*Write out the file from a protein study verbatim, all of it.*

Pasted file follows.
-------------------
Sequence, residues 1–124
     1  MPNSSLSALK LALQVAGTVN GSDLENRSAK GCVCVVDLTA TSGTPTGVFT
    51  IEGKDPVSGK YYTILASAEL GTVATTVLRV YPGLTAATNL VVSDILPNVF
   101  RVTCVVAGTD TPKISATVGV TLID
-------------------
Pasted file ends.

Sequence, residues 1–124
     1  MPNSSLSALK LALQVAGTVN GSDLENRSAK GCVCVVDLTA TSGTPTGVFT
    51  IEGKDPVSGK YYTILASAEL GTVATTVLRV YPGLTAATNL VVSDILPNVF
   101  RVTCVVAGTD TPKISATVGV TLID